Many of our girls on the tennis team have expressed a desire to be stronger mentally. You see, some have been up in matches only to let their leads slip away and end up losing—sound familiar? So, I started re-reading The Fearless Mind by Craig Manning. It’s a book I picked up in Costco when Craig was there promoting his book awhile back. I’ve known about Craig for some time. He was the head women’s coach at BYU for a number of years and really got the program back on its feet. He now works with athletes from various sports as a sports psychology consultant and with his father-in-law’s company, Griffin Hill Consulting, as a mental strength conditioner (interesting title!). I recommend Craig’s book; it’s a quick read and it has taught me a lot about myself and it has helped with my mental game as well—I’m sure it can help you too!
While I was reading the other night, I came across these paragraphs:
“Just as it takes hours, days, and even years to perfect a forehand, it takes hours, days, and even years to learn to control our minds. At high levels of performance, one wrong thought can be very costly. That’s why it is so much fun: the challenge of performing a task so well we don’t know how we could do it better, the joy in testing our limits. This is why we push ourselves toward perfection.”
“I remember loving to hit the ball when I first started playing tennis, but more than anything I loved trying to master the skill sets required of the sport. I got addicted to tennis while I was still playing baseball and football (rugby league) (he’s an Aussie if you didn’t know). I loved game days for both baseball and football, but practices were boring. Tennis was fun every day, whether it was a match or just practice. I loved seeing my progress every time I stepped on the court. There were so many skill sets to master. It got to the point where I had to play every day of the week. As the years rolled by, I realized I wasn’t so much addicted to tennis as I was addicted to self-mastery. I loved seeing how good I could get performing each stroke.”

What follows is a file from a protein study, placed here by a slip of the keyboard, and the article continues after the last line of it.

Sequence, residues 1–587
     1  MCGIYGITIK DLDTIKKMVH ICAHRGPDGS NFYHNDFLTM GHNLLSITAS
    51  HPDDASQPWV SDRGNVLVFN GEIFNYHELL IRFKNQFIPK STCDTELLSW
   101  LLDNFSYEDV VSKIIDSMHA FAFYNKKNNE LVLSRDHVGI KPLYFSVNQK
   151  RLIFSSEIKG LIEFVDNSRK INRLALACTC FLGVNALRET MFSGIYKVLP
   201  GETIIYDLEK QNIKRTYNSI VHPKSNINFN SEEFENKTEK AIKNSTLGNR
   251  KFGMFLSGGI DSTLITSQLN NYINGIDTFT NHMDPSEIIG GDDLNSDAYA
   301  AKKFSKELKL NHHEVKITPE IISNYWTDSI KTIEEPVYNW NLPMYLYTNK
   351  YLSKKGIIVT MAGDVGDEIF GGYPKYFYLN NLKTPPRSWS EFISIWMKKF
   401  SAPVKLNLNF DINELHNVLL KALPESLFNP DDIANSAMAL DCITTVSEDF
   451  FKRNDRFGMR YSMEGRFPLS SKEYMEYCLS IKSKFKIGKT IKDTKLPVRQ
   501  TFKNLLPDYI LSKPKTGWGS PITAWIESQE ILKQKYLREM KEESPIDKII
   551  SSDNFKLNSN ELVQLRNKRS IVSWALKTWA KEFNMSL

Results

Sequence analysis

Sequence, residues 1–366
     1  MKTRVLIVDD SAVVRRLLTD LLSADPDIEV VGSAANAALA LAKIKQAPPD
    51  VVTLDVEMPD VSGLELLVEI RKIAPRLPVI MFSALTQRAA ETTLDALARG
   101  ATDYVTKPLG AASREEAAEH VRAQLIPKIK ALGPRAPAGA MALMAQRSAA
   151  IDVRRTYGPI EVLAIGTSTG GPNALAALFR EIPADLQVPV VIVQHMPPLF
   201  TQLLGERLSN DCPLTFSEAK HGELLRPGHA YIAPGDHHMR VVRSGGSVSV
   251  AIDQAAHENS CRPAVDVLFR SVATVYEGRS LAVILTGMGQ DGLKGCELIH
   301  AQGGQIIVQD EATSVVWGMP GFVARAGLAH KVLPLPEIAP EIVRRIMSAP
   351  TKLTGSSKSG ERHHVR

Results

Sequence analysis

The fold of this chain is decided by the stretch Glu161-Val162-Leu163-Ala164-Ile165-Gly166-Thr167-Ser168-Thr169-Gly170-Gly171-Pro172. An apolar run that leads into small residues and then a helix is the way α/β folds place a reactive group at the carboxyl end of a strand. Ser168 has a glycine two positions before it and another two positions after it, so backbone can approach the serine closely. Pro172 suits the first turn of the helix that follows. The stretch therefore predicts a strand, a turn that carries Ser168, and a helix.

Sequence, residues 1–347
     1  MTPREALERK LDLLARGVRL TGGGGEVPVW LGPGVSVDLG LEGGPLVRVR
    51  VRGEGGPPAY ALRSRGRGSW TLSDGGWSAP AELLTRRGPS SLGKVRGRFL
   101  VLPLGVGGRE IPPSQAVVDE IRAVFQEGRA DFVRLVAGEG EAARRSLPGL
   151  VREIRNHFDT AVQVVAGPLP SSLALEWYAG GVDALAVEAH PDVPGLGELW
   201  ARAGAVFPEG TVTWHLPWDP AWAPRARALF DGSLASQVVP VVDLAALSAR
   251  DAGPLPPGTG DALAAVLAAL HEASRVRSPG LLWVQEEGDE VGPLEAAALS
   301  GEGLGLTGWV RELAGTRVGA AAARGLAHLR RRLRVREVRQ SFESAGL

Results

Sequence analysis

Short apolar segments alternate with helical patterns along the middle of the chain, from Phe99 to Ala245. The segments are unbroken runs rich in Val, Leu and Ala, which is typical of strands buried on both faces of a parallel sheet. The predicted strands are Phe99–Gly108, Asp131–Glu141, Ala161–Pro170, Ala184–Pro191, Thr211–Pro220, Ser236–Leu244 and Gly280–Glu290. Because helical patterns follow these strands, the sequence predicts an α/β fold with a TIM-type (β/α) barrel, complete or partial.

It was like I was reading about myself. How many of you feel the same way? My bet is that many of you can relate to this!
Tennis is such a physical and mental sport. It takes years of physical practice to become a good player; and, it takes just as long, if not longer, to master the mental side of the sport also. Just like Craig, that is what I love about this beautiful game. And, that is why I am a tennis junkie/addict. There, I said it, confession is good for the soul!
One last thought on our team’s mental strength conditioning (I really like that title!): Many high school coaches don’t address the mental aspect of the game; they just don’t have the time. When you’re trying to teach 25+ young ladies about tennis strategy and how to hit forehands, backhands, etc., it’s almost impossible to provide individual, or even group, mental training. It seems that most of our mental training takes place during match play when we’re providing on-court coaching—you know, here a word of encouragement and there an observation! Hopefully, as we continue to work with the girls, their mental game will continue to develop just as their physical game is developing. I’ve already seen progress in our girls’ mental game and I’m sure with more experience they’ll figure even more out.
Tennis, it’s a journey and an adventure! And, for some an addiction!
See you on the courts!
This article was written by admin